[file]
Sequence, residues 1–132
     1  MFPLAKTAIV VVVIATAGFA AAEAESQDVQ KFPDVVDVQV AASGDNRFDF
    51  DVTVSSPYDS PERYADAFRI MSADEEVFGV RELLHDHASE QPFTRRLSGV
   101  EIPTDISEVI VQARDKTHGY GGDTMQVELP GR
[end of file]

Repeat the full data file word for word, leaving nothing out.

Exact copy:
Sequence, residues 1–132
     1  MFPLAKTAIV VVVIATAGFA AAEAESQDVQ KFPDVVDVQV AASGDNRFDF
    51  DVTVSSPYDS PERYADAFRI MSADEEVFGV RELLHDHASE QPFTRRLSGV
   101  EIPTDISEVI VQARDKTHGY GGDTMQVELP GR